March 10, 2022 -- The human immune system can be a powerful weapon in halting the spread of cancer, leading to long-term remission. However, many tumors find ways to protect themselves by switching off the immune response. Scientists have discovered a new way to reactivate T cells to attack solid tumors and boost existing therapies in mice, according to research published in Cancer Discovery on March 8.
The immune system is tightly regulated: too active and it can cause severe damage; too dormant and diseases will take over. While this control is usually balanced in healthy people, cancers can hijack the controls to dampen an immune response and allow the tumor to grow unhindered. In particular, tumors often activate checkpoints that regulate the T cells that are able to destroy cancer cells.
Understanding how tumors activate the programmed cell death 1 (PD-1) checkpoint in T cells has revolutionized treatment for certain cancers. By blocking this process with new drugs, the T cells become active once again and can target the cancer cells. In some people, anti-PD1 treatment can lead to long-term remission; however, it is not effective in all cases and resistance can develop.
A new checkpoint
While immunotherapies like checkpoint inhibitors have been successful in some blood cancers, they often do not work in solid tumors where the immune cells are unable to penetrate. Extending the applicability of these treatments could significantly improve survival rates for these cancers.
Now, another checkpoint identified by scientists could offer a new way to activate T cells against solid tumors. The team, led by researchers in Australia, found that removing the protein PTP1B in mice with a form of breast cancer slowed the growth of the tumors.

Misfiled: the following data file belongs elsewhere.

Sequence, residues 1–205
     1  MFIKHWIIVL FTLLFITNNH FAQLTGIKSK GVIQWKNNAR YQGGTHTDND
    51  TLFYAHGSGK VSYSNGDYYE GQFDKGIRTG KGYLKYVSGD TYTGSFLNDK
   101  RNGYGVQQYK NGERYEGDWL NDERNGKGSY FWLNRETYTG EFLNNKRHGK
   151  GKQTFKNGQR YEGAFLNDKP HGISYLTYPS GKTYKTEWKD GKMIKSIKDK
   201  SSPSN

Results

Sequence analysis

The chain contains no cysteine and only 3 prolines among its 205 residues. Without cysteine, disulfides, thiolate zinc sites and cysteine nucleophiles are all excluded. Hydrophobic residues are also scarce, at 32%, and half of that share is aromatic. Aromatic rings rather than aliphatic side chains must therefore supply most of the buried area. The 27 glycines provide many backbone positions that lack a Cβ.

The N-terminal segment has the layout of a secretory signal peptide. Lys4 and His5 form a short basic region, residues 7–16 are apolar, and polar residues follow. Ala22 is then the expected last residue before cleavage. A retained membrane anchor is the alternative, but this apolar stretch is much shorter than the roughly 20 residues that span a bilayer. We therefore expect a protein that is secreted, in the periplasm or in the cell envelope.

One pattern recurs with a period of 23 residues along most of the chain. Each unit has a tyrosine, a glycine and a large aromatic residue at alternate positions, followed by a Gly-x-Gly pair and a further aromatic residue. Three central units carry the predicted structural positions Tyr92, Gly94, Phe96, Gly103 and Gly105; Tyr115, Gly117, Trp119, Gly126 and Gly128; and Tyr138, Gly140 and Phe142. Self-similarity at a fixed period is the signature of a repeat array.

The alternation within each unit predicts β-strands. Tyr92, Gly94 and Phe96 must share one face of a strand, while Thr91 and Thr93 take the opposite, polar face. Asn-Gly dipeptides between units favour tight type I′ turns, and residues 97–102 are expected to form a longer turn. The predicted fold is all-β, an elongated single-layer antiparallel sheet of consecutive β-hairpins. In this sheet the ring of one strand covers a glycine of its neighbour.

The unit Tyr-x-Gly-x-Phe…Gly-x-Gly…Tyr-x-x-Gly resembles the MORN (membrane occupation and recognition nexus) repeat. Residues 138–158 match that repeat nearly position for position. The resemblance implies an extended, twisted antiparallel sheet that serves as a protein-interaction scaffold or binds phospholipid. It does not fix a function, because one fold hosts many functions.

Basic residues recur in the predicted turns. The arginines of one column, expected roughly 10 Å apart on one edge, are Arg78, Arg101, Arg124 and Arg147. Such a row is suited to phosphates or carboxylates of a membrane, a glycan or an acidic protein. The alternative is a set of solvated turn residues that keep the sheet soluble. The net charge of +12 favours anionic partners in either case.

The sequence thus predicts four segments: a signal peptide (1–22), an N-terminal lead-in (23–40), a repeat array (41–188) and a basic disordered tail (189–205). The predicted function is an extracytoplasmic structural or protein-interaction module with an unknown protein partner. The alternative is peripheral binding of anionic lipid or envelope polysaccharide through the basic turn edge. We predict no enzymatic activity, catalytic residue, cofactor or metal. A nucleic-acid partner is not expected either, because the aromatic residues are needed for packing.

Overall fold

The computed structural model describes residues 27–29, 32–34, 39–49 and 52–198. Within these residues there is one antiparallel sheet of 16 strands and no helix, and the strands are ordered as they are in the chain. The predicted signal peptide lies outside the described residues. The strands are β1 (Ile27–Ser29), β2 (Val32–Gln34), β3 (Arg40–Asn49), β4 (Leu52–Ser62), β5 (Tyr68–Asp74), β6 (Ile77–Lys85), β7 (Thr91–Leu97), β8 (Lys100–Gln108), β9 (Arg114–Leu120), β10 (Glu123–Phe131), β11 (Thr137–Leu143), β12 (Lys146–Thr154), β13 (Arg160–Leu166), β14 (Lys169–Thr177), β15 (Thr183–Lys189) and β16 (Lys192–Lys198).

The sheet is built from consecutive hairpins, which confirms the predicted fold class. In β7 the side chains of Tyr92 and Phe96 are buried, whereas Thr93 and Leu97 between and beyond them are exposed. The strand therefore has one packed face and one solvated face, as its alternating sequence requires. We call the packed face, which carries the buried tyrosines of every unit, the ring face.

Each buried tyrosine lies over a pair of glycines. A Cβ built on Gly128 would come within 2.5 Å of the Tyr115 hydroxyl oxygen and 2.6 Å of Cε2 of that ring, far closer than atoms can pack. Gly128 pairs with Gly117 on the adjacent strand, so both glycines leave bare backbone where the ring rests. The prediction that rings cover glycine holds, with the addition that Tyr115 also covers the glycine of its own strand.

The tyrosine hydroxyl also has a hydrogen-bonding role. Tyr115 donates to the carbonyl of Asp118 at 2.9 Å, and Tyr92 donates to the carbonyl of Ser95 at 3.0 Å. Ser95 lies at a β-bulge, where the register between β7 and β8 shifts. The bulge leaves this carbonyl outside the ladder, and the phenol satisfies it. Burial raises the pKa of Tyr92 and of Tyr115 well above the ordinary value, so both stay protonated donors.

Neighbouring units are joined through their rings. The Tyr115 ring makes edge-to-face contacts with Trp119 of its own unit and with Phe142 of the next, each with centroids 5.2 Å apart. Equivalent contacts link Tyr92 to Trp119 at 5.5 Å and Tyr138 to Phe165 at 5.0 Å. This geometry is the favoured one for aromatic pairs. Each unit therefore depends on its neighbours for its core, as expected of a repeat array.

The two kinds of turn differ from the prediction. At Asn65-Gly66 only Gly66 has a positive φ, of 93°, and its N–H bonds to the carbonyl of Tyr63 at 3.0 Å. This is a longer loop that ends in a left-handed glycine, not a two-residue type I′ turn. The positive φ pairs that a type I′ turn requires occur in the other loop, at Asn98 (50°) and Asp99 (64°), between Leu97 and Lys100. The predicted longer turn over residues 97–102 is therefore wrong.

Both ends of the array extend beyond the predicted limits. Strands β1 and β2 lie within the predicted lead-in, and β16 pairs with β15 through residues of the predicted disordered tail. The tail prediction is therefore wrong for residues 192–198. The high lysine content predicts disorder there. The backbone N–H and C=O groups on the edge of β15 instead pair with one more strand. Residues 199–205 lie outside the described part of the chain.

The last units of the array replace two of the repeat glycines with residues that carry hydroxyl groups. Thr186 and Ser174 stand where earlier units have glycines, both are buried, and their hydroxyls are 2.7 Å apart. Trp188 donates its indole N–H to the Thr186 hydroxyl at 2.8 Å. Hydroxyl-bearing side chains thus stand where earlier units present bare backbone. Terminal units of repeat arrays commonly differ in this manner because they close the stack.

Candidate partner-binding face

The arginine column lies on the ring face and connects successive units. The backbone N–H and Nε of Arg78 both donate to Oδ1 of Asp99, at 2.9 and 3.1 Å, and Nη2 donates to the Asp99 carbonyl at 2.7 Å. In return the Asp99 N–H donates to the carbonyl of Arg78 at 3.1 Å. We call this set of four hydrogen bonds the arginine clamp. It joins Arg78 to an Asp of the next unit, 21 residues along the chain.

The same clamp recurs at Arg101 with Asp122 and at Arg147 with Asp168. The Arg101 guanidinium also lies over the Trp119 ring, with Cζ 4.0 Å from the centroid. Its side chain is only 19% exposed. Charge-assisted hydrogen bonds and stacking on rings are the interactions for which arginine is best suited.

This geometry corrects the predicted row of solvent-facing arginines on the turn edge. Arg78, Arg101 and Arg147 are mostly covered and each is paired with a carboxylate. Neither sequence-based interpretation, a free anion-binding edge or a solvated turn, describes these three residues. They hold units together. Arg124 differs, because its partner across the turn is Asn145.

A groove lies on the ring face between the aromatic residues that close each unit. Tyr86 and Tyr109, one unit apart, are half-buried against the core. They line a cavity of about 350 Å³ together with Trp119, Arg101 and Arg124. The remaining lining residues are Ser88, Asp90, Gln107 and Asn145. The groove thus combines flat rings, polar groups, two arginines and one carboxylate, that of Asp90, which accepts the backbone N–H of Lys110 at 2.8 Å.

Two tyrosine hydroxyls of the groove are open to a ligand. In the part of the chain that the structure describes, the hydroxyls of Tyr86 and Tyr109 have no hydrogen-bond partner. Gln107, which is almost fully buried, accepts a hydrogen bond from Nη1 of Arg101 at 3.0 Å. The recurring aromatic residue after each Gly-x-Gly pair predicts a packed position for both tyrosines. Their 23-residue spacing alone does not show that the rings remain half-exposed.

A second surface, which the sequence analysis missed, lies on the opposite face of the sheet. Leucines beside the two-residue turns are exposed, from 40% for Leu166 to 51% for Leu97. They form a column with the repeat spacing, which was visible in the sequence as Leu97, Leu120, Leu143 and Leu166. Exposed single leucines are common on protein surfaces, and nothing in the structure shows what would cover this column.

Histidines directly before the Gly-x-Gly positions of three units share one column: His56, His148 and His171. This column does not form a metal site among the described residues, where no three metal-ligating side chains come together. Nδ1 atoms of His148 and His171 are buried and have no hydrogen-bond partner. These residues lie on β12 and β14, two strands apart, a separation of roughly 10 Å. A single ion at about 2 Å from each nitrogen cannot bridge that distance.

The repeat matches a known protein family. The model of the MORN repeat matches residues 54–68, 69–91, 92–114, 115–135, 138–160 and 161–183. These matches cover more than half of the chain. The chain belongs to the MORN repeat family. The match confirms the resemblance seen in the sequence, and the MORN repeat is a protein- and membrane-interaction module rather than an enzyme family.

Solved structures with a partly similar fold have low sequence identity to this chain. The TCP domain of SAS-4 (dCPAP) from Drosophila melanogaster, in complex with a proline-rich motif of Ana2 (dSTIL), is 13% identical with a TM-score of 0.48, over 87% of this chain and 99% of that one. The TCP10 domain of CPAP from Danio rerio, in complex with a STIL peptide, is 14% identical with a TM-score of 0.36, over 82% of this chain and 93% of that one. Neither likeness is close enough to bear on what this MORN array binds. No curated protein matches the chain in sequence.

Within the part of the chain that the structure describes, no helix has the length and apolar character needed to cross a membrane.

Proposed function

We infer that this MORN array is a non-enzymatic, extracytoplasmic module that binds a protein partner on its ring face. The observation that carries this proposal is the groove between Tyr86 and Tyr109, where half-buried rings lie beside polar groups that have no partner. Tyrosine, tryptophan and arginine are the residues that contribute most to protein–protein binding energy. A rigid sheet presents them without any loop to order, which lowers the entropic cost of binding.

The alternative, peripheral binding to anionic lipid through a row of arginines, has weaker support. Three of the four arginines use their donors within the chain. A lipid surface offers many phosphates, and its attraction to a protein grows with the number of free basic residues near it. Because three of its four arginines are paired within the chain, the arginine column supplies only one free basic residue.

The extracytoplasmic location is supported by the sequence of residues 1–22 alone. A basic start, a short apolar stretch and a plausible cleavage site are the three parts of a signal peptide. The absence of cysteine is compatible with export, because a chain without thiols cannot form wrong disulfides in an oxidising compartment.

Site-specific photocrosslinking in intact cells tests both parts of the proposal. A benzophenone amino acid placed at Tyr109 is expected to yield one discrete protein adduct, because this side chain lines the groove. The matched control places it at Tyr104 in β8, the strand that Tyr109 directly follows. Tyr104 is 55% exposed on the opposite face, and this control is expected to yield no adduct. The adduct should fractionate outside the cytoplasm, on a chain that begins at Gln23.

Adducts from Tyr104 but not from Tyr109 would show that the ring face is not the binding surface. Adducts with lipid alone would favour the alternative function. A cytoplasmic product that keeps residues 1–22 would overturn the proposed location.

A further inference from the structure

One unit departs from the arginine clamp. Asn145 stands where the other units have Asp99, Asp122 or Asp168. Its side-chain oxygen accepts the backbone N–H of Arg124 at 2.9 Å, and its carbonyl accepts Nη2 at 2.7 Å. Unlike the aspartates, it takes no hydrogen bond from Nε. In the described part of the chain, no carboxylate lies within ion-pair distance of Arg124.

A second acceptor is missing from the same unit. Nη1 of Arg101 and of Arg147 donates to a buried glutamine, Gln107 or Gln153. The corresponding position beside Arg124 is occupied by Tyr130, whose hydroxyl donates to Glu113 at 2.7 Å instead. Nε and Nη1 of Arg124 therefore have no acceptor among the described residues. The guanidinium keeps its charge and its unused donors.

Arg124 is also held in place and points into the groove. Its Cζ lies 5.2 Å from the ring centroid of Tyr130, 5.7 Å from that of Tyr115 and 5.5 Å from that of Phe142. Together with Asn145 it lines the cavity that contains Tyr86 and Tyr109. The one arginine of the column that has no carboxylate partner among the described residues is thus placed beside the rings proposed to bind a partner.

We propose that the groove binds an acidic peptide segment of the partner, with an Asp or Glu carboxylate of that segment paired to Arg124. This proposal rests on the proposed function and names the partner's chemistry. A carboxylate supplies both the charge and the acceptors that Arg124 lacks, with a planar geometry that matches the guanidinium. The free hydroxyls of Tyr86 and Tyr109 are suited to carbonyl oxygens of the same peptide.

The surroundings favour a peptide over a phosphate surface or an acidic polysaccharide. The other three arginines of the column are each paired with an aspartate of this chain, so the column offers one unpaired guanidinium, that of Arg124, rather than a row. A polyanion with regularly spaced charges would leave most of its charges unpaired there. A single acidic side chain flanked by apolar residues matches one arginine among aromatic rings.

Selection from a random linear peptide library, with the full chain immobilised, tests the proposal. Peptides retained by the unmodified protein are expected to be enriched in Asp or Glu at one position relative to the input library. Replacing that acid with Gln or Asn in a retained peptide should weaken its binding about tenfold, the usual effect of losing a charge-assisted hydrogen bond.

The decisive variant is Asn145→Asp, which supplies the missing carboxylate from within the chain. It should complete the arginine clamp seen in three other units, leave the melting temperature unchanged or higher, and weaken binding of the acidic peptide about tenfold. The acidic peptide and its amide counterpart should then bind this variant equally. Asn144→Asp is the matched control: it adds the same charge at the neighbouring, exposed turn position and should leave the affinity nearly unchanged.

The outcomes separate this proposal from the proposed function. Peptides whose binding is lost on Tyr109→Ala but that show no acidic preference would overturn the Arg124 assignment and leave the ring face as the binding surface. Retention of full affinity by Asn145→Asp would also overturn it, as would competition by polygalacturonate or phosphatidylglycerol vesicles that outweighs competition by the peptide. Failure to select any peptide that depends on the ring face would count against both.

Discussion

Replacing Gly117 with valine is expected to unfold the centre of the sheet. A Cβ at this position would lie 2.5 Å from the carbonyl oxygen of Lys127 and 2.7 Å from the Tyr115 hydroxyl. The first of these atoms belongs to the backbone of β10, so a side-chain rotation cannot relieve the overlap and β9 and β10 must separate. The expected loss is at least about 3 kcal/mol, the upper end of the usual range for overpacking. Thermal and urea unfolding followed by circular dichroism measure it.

The T cells found in the tumors produced higher amounts of PTP1B, suggesting that the checkpoint is activated by the cancer. Inflammation caused by tumors activates the PD-1 checkpoint, so this could also be the trigger for PTP1B.
A drug candidate designed to target PTP1B was injected into the mice and appeared to increase the antitumor activity of T cells. This compound, called trodusquemine, was previously shown to be safe and well tolerated in early-stage clinical trials.
When this was combined with a PD-1 inhibitor, they were more successful in suppressing cancer growth than with either treatment alone. This suggests that the two treatments work independently, but the precise mechanisms involved need to be established.
The trodusquemine injection in mice also boosted the effect of chimeric antigen receptor (CAR) T cells — a therapy that takes T cells from a patient, modifies them in the lab to better target the cancer, and injects them back into the patient. CAR T cells are much less effective against solid tumors, but inhibiting PTP1B in mice allowed the cells to reach inside a mammary tumor and significantly extend the mice's survival.
"While more pre-clinical work is needed, our findings show that superior outcomes were achieved when we combined PTP1B inhibition with existing immunotherapies in mice," Tony Tiganis, PhD, senior author of the paper and professor at Monash University in Australia, said.
Tiganis and his team are working with a company that is developing PTP1B inhibitors that can be taken orally to test their effects in lab models.
"To advance this work, a key next step will be to further define the impact of PTP1B deletion in CAR T and conventional T cells in humans," said Florian Wiede, PhD, first author of the paper. "There remains an urgent clinical need to identify and validate cellular targets to revive and sustain T cell responses in cancer."